House Likely to Pass DTV Delay Bill Next Week
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House Republicans shot down a similar DTV delay bill earlier this week. But the chamber had been operating under special rules, which meant that the measure needed a two-thirds majority to clear. In a standard floor vote, likely to come next Wednesday, the bill should pass easily, according to David Donovan, president of the Association for Maximum Service Television, an industry group representing more than 400 local TV stations.
"Bottom line is I think that the bill passes and you do get a delay until June 12," Donovan said on a conference call this morning hosted by analysts at JP Morgan.
The news comes as the latest success for supporters of the DTV delay, who include President Obama. Advocates for a delay warn that millions of Americans are unprepared for the transition, and will see their sets go dark if broadcasters stick to the original date of Feb. 17.
One of the major issues is a federally funded coupon program to defray the cost of the converter boxes that analog sets will need to receive over-the-air transmissions. The agency administering the coupon program ran out of money in January, and the waiting list for coupons has grown to around 3 million.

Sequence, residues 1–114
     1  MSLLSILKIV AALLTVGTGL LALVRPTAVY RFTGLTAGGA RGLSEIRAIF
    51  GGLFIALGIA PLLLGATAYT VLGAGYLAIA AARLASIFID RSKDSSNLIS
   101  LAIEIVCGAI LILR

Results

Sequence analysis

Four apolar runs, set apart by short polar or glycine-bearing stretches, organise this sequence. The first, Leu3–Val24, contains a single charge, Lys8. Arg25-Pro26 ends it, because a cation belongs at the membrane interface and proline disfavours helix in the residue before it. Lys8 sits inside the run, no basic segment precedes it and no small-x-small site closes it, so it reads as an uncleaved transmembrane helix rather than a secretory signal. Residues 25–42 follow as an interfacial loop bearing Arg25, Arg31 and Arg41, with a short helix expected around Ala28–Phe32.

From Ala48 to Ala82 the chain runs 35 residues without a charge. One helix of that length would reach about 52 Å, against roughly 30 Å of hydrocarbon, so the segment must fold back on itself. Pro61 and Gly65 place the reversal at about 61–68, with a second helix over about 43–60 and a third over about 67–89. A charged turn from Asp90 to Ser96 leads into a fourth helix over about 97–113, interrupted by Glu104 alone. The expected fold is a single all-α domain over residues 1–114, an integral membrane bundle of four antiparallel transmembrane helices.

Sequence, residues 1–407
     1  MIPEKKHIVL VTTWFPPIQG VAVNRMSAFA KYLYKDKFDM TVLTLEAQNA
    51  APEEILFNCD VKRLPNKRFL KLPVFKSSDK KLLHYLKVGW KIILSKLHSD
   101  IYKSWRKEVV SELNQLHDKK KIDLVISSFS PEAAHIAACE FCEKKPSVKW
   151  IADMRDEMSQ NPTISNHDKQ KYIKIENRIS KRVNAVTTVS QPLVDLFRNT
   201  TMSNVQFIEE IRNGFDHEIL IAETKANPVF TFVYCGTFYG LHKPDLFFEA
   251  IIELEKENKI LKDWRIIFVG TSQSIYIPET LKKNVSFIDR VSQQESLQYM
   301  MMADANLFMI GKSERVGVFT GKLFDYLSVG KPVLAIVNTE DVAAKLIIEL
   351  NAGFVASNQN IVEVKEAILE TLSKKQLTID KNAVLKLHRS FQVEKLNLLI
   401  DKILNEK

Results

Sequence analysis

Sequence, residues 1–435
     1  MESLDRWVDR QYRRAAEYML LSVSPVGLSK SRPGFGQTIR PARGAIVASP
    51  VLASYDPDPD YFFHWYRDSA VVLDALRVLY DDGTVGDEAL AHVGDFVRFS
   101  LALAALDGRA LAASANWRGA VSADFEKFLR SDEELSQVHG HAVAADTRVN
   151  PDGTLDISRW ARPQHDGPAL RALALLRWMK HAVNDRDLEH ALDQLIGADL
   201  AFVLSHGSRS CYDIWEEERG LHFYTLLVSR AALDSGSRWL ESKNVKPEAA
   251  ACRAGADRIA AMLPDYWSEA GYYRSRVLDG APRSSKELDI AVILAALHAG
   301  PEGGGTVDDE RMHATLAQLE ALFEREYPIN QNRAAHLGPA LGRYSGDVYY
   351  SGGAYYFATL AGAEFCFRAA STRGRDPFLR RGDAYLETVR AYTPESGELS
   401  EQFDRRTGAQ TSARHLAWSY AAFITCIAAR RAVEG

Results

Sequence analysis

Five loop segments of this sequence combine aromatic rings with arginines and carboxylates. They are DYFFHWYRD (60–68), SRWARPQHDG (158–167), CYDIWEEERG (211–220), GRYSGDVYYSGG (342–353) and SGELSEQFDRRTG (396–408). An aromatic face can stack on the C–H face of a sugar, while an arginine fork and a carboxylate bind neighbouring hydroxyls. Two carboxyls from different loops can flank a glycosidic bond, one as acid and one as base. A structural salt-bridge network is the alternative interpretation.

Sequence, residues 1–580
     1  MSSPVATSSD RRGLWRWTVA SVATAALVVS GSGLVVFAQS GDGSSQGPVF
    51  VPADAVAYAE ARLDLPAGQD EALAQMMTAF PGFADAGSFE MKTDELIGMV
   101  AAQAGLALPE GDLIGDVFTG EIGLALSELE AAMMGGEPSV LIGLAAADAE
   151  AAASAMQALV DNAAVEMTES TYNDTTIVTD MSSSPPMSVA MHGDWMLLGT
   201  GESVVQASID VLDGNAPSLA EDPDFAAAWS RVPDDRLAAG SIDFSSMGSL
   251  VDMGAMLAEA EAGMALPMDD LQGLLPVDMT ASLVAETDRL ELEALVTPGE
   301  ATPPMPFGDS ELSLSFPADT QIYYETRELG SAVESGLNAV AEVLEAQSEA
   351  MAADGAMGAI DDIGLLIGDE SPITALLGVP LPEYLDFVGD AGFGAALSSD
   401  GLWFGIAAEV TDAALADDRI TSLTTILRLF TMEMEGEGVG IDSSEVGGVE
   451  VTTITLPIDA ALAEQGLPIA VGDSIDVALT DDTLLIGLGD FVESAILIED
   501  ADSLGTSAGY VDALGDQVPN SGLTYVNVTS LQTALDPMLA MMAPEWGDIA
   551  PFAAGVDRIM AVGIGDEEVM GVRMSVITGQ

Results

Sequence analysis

The Senate had passed an almost identical bill on Monday, but John Rockefeller, D-W.V., and Kay Bailey Hutchison, R-Texas, reintroduced the legislation with only minor tweaks after Wednesday's House vote.
Critics of the government's management of the transition also warn that the call centers set up to answer questions are understaffed and inadequately funded.
The economic stimulus bill the House passed last week would allocate $650 million to fund the coupon program. An alternate version of the legislation is slated to hit the Senate floor next week.
In addition to buying time to clear the coupon backlog, the DTV delay bill would allow people whose coupons had expired to reapply to the program.
It would also allow individual broadcasters to switch over to the all-digital format early. That was one of the provisions that Rockefeller and Hutchison, the leaders of the Commerce Committee, agreed to include in a compromise bill.
Donovan said that about 300 stations have already announced plans to shut off their analog broadcasts on the original date next month.
"From the broadcast perspective, we in fact are ready. We've been ready for some time now," he said. "This really is sort of a political, consumer-side issue."
In cases where broadcasters switched over early, the Senate bill would make the vacated spectrum available for public-safety communications. It would not, however, release any of the analog spectrum to the private sector, an aide to Hutchison told InternetNews.com.
Last March, the Federal Communications Commission sold the spectrum at an auction that raised nearly $20 billion. The big winners were Verizon Wireless and AT&T, which plan to use the spectrum to build and expand their networks for advanced data communications.